She fasted, feasted, prayed and went on pilgrimages.  Her husband reluctantly accompanied her to pilgrimages.  Fortunately for her, her sister-in-law, Susee was also going through the same pangs of childlessness  for many years after their marriage.  
  
On many  occasions, Subbu and Susee would accompany Kannammal and Srinivasan for a pilgrimage to a temple to pray for the birth of a child. Astrologers would compete with each other to predict the probability of birth of children in their horoscopes.
It was ten years since Kannammal marriage to Srinivasan.  She alone knew the misery that she was going through and was convinced no one would understand, leave alone believe her if she ever spoke about the strange ways of her husband. 
And moreover he was an extremely congenial host to visitors who came visiting, generous to people who needed help and charming to elderly women who considered him the apple of their eye.

It was a battle that she was destined to fight alone.  And it was to no avail. 

When her sister-in-law Suseela became pregnant the pressure mounted on her.  She was now subjected to crude insensitive remarks by the women of her own household.   Those who were not crude and insensitive to her pitied and sympathised with her.  They treated her like a diseased woman. The older ones called her a barren bitch and cursed her right on her face.

In all this she would silently cry at the backyard while drawing water from the well or under the pillow. In both these places her husband was never seen around. She would contemplate jumping into the well and ending her life. Despite all the doom and gloom in her marriage something always held her back.

She clearly knew it was not her fault. She also knew that no one would acknowledge that fact. 

Sabesha Iyer, her father-in-law  was getting impatient with Kannammal’s barrenness.  He summoned the family astrologer one last time to check the horoscopes.

The stars in the horoscopes that seemed to match up during the process of wedding now seemed to have taken a totally different turn.  It was predicted that  while Kannammal would never bear a child, her horoscope had  the stars juxtapositioned in such a way that it would bring untold misery to her husband.  The astrologer, paused, hesitated and added that the marriage to Kannammal had brought about a ‘dosham’ (curse) that  could be fatal to her husband Srinivasan in the next few years.  

It  was a statement that left Sabesha Iyer springing into immediate action.  It was almost 14 years since his son had married Natesa Iyer’s daughter.  He shared a great deal of camaraderie with the landlord from Agaramangudi. But that would not stop him from sacrificing his son to the curse of a barren woman.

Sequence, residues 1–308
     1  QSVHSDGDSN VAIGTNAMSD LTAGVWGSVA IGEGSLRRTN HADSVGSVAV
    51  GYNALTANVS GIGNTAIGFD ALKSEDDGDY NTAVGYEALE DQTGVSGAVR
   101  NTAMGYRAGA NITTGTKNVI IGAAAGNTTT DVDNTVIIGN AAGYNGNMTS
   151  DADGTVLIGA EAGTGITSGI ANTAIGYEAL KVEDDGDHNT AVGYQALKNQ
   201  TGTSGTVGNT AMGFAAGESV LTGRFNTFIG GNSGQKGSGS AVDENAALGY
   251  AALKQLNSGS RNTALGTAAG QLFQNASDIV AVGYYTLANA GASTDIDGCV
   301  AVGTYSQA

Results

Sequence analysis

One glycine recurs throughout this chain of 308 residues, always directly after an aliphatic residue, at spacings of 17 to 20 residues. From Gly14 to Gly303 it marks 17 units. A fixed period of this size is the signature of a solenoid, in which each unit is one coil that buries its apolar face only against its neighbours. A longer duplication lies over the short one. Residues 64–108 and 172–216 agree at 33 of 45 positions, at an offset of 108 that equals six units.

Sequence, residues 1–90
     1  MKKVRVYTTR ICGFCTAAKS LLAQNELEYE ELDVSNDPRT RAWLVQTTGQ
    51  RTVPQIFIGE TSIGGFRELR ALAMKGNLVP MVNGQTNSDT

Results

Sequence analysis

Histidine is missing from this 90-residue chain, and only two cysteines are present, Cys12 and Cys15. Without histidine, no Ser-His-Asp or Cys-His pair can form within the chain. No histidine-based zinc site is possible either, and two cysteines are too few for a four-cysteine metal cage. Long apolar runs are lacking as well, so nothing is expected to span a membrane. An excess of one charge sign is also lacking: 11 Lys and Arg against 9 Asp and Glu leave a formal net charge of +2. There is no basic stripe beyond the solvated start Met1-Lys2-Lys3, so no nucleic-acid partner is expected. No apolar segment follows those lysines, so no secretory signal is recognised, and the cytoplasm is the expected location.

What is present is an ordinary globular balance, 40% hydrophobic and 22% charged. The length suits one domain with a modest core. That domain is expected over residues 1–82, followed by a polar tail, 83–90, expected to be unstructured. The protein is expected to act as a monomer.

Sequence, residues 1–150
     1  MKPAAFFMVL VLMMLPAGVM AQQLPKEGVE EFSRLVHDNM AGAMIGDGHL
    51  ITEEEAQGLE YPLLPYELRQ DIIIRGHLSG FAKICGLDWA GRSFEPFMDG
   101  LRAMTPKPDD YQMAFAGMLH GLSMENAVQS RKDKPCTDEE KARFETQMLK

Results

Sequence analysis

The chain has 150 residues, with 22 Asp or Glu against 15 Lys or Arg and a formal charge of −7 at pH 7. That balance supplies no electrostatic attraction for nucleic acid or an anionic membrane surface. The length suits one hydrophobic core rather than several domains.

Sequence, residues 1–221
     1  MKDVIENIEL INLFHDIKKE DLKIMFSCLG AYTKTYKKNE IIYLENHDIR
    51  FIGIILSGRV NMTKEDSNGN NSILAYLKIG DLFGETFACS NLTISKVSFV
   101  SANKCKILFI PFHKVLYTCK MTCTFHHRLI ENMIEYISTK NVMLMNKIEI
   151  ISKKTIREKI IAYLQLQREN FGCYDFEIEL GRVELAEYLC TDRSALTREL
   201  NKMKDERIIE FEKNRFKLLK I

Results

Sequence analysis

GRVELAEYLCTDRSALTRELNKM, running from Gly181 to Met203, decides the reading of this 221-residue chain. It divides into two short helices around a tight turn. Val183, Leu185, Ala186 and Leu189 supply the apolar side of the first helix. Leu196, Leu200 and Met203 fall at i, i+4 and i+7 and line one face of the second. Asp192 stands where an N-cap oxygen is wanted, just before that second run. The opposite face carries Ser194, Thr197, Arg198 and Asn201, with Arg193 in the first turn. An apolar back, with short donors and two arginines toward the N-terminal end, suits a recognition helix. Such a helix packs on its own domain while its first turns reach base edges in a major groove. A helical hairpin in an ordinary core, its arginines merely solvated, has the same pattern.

He sent in a word to Natesha  Iyer. He offered  that, while his daughter could live in her marital home all her life, it was only prudent for him to look for a second wife for his son. A woman  who could bear him a child and carry on the family lineage.   The letter was carefully worded to convey that it was more a decision he was conveying and not a permission that he was seeking.  

The astrologers were summoned and the horoscopes of eligible girls from all over were sought.  Most families were reluctant to give their daughters in marriage as the second wife unless they were really hard up on money, could ill afford a decent dowry or if the girl was outright ugly or had got herself into a scandal that had tarnished the family name. 
The women always knew that more often than not when a woman is considered barren, the fault could as well be with the man. However in those days and time, a man had his honour to behold. Unlike a woman’s menstrual cycle, private matters of men were not discussed in public.  For that matter they were not even discussed in private. 
It was almost an year before the proposal from the family in Tiruchy came.  The bride was an orphan and was raised by her uncle who was a priest in the temple at Samayapuram.  There was not much by way of dowry that they could afford. Sabesha Iyer, recognizing the dearth of potential alliances and the urgency with which he wanted to fix the alliance agreed to the match.

It was when the families got together that Srinivasan, the groom-to-be spoke up for the first time in front of his father. He said he was clear he did not want to marry the second time. He offered that he would adopt a child from anyone in the extended family to carry his family lineage. 


Sabesha Iyer was aghast. He had never expected his son to disapprove a decision that he had taken. He was doubly hurt because his son never let out a whiff of his disinterest in the second marriage all the while and when he did express he spoke up in front of the bride’s family.  The Bride’s family did not seem to mind the disinterest the groom was exhibiting towards the marriage.  They were equally in a hurry to get their niece married off at the earliest opportunity.      
After a few weeks of dissent, Sabesha Iyer overruled his son’s  protest and fixed up the date for the wedding. The wedding preparations were on, although the pomp and flamboyance that marked all other weddings in the family was missing in this one.

Kannammal sunk into depression and cried silently into her pillow every night.  What added to her woes, was  that her father-in-law suspected that her husband was acting on her advice, which she knew was far from the truth. Her parents and her brother   refused to acknowledge the second marriage and insisted that she stay put in that household and claim her rightful share as the daughter-in-law of the family.